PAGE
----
Once a Very Serious Matter
Chrysanthemums exist in dozens of varieties. Fuji mums project rays with
curly ends. Spider mums have straight-ended rays. Starburst mums have
forked ends, while spoon-ended mums have a loop at the end of their
rays. China mums are called "standard" and "football" because of their
large, round heads. Daisy-like mums are called pompons. And those
forming tight little balls are called button pomps.
These lush, colorful blooms are
rooted in beliefs of human immortality and perfection. Today the "mum"
graces gardens, cut flower arrangements and even salads (yes mums taste
great), but they were taken much more seriously after T'ao Yuan Ming
started it all in China around 500 A.D.
Over long periods of careful cross-pollination and selection, he
developed stunning varieties of the flower and when he died, his
birthplace was renamed Chuhsien. The City of Chrysanthemums. His efforts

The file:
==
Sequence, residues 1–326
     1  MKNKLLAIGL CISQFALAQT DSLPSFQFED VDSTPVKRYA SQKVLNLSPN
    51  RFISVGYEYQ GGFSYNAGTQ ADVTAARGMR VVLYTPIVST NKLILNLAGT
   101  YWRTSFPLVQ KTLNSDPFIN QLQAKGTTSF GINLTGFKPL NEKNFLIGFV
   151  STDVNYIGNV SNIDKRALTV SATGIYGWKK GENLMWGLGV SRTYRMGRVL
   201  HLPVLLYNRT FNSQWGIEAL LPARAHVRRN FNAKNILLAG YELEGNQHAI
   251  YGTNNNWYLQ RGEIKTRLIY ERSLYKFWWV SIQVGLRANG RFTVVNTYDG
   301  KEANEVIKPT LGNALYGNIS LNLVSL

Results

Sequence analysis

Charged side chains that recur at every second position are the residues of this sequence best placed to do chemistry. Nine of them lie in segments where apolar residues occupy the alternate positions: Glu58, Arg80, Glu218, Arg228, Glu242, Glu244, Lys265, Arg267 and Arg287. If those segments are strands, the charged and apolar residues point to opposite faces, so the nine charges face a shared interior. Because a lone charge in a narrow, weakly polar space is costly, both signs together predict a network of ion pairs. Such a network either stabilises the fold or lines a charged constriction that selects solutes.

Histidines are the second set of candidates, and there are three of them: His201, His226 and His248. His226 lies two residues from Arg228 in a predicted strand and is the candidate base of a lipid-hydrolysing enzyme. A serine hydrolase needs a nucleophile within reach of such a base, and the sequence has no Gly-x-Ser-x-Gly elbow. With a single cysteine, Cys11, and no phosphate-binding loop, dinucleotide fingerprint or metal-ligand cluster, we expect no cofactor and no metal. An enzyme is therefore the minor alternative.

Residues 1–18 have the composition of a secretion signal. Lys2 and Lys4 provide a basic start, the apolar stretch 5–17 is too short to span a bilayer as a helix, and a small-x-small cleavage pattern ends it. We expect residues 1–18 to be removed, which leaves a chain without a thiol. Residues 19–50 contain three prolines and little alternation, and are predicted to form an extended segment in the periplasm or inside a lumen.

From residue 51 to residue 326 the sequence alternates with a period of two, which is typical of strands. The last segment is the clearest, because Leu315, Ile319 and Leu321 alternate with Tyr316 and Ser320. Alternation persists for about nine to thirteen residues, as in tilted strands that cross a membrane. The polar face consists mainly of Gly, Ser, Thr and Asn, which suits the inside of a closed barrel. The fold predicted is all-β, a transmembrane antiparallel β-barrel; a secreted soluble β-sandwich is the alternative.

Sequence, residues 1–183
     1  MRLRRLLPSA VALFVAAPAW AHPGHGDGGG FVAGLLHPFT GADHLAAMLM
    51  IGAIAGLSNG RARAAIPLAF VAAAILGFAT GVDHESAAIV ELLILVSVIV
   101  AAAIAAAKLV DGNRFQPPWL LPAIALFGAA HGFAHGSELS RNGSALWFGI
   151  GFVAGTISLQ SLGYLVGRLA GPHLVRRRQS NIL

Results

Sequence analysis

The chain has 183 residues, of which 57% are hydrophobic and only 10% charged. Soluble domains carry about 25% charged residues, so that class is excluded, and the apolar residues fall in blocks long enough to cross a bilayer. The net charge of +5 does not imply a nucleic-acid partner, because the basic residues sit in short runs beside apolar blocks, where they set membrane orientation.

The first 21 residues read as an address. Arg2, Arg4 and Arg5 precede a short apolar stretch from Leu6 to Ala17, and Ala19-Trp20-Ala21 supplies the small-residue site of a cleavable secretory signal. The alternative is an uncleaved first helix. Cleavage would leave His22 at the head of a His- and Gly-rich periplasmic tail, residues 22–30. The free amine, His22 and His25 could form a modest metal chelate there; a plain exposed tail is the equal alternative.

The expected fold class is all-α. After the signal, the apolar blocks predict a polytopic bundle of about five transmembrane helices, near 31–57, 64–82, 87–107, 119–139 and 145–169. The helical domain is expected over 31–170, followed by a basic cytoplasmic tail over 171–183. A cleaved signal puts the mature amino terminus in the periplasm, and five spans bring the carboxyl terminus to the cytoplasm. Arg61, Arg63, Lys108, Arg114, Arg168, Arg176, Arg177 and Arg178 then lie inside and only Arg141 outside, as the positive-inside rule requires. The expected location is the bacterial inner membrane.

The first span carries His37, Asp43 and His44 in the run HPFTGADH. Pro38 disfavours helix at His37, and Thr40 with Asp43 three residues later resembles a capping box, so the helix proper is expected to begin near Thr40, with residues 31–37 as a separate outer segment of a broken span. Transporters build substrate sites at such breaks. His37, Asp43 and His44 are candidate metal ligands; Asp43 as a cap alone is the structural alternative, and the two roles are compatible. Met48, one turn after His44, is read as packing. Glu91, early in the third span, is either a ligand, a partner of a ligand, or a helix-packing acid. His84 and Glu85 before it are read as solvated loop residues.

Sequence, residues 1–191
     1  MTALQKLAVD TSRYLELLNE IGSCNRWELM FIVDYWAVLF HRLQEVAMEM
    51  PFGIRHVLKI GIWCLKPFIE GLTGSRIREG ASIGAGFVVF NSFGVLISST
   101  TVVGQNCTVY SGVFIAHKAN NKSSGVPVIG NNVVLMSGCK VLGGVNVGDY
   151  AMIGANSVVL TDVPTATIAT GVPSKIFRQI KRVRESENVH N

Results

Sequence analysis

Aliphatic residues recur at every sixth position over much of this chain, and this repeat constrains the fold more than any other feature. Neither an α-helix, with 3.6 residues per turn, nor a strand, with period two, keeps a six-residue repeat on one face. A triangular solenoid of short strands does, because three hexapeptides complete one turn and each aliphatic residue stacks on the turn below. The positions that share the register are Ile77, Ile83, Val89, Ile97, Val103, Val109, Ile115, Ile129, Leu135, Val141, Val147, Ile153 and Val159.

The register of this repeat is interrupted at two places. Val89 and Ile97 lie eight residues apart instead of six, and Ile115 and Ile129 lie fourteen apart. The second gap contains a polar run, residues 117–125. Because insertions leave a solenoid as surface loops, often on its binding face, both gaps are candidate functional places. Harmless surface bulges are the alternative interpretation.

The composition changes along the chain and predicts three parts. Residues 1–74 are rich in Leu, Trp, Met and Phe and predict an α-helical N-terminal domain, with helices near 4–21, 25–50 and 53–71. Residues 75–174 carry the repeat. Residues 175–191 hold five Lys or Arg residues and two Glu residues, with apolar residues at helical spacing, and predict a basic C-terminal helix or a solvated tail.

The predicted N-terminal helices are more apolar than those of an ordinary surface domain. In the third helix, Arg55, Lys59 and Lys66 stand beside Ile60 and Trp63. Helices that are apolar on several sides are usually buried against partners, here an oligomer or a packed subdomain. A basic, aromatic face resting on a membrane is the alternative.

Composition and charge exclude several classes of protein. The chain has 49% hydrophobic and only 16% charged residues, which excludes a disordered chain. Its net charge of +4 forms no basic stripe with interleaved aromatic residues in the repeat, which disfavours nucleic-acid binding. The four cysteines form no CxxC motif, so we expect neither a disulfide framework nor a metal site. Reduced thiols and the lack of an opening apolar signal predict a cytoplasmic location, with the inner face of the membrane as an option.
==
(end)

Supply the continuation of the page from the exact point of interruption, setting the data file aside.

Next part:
had produced a legacy that would bring pleasure to this world for
When China imported the first chrysanthemums to Japan, the people there
bestowed many honors upon them. The Japanese wrote legends. To sip dew
from the petals meant long life. To eat the flower meant immortality.
Philosophers said that the systematic opening of the "ray" flowers
symbolized both the sun and the perfection of orderly life.
By 800 A.D. the chrysanthemum had become so prestigious that only royal
and noble families were permitted to cultivate it. Among the highest
honors that could be bestowed in Japan was admittance to the Order of
the Chrysanthemum... a reward granted to nobility for service to the
In great contrast to this, the "mum" didn't make much of an impression
when traders introduced it to Europe in the 1600s. But when in finally
did catch on, it became one of the most popular blooms for both flower
shops and gardens.
Whether associated with royalty or
immortality, "mum" is the word for beautiful gardens and long-lasting
floral arrangements. When you care for them as cut flowers, try to keep
their ancient beauty away from air
conditioning, TV sets and heaters. Don't place them in drafts or direct
sunlight. Do watch their water, and replace it when needed.
This way, a
bouquet of mums can make your day every day for at least a week, maybe
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